Sitting at a computer or behind a steering wheel for hours at a time tightens hamstrings and glutes, leading to muscle dysfunction, long-term ailments, and injuries. It’s also tiring. Taking a five-minute break once an hour to stretch, whether at the office or from a long car ride, increases blood flow and serotonin levels and “sort of wakes up the mind,” says Russ Orr, vice president of performance at EXOS. Need some ideas? Try these essential stretches you can do right at your desk and these five-minute movement ideas you can do anywhere.

4. Get outside.

Take a hint from plants. Besides getting enough water, you also need sunlight to thrive. Taking a break outside or doing an outdoor workout resets the mind and body and boosts energy levels. It gives you a chance to breathe fresh air, take in the sight of trees, flowers, and bodies of water, and simply get away from technology. “Exercising in nature, on trails, or around rivers and lakes just feels more invigorating than stepping on a treadmill,” says Tiffany Grimm, director of recovery at EXOS.

5. Enjoy a power nap.

A nap of even 20 minutes can do wonders to break through that midafternoon malaise, proving more effective than reaching for caffeine or sugar. It’s one of the proven ways to recharge your brain battery. Many workplaces have created quiet rooms for just this purpose, but with more people working from home either by design or because of the pandemic, it’s easier to find a comfortable place to rest. “A nap is one of the easiest, most natural ways to increase energy and finish the day strong,” says Orr.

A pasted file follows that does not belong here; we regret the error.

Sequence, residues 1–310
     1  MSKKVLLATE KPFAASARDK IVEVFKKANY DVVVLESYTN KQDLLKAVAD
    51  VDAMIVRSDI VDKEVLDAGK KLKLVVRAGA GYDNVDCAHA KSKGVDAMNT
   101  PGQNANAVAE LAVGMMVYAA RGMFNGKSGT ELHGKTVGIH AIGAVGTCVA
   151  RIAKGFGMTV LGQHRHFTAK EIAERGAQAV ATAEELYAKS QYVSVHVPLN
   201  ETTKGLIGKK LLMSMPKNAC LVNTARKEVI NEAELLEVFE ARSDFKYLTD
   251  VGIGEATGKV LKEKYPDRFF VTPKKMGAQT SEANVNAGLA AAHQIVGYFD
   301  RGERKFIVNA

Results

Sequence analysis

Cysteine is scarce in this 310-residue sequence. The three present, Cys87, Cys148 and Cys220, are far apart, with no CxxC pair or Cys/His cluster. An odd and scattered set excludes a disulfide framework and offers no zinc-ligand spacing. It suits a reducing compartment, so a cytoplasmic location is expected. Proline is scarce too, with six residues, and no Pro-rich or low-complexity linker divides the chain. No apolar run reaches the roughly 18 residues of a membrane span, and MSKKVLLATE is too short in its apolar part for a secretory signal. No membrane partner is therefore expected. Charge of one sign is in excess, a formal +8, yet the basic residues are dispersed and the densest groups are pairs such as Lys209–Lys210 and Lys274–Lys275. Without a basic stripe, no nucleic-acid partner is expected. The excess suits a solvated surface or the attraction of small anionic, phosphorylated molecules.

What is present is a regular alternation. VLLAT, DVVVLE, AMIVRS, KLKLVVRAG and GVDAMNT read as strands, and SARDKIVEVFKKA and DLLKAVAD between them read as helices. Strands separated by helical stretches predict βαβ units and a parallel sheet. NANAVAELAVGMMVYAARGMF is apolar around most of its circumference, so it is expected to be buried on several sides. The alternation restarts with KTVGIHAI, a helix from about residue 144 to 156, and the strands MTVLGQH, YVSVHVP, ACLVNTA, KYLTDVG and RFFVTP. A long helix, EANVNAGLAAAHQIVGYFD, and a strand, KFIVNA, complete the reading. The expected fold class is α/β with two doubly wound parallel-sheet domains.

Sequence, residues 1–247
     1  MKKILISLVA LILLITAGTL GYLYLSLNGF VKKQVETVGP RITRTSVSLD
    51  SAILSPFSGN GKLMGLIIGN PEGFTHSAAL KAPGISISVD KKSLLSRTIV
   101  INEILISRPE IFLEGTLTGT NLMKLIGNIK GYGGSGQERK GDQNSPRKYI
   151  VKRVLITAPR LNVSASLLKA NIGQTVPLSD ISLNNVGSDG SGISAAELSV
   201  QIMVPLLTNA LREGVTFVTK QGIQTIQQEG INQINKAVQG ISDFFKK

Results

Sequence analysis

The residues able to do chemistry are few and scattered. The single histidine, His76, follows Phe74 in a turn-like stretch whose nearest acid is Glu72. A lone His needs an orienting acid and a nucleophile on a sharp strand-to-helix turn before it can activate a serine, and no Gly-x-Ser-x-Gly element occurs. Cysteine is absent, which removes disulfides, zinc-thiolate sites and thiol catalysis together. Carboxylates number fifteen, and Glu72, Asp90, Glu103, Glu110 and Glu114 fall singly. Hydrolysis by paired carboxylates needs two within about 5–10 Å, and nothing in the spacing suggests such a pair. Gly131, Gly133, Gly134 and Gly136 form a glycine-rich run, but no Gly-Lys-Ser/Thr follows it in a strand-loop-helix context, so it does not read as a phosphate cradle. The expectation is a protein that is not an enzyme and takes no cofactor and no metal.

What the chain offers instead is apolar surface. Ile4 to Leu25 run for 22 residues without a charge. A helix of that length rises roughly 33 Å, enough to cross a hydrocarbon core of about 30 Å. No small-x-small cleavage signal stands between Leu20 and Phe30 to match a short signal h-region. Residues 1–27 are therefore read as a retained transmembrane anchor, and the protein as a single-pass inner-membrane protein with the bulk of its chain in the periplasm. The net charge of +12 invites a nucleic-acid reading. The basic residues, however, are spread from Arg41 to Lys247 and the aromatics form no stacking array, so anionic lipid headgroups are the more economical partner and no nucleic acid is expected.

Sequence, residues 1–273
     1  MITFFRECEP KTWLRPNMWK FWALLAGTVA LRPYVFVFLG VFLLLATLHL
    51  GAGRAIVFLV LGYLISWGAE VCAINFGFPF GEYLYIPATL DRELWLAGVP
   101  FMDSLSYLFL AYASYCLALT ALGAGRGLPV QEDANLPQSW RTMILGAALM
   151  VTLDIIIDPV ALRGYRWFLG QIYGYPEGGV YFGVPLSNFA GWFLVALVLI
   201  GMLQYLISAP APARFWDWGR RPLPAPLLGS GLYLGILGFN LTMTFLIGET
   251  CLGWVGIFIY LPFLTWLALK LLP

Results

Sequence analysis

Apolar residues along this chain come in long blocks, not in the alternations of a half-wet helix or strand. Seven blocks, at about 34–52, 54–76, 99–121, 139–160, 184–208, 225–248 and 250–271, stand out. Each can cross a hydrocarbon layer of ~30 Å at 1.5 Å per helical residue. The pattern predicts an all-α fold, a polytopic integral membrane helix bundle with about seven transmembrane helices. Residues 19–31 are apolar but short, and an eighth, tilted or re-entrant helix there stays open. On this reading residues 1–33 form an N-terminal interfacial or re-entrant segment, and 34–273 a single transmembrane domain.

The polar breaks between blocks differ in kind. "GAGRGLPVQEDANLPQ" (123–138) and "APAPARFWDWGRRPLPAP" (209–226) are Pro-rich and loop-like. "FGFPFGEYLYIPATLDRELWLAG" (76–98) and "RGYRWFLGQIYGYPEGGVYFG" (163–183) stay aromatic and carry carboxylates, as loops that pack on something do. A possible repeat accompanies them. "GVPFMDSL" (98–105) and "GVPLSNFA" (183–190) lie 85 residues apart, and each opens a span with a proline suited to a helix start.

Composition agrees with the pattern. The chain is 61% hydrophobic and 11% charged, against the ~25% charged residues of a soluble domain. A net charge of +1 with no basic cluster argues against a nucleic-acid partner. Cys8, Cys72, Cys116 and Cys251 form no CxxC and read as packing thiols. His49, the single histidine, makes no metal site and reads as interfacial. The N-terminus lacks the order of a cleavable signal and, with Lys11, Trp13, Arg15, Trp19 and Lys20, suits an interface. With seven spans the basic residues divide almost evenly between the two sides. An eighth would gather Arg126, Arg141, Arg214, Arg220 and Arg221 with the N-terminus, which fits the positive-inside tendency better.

6. Breathe.

Deliberate breathing not only reduces stress, but it also boosts energy. Everyone has moments of anxiety and while it might seem awkward to engage in breathing exercises outside of a private office, it’s possible to do so inconspicuously. Noiles recommends inhaling for six seconds, holding for four, and exhaling deliberately for a count of 10. Repeat nine to 12 times for a total of three to four minutes so you can feel a shift to a more relaxed state. “That’s naturally going to calm you and help with stress,” she says. “High stress can suck the energy out of you.” For more tips and exercises, browse our guide to breathing.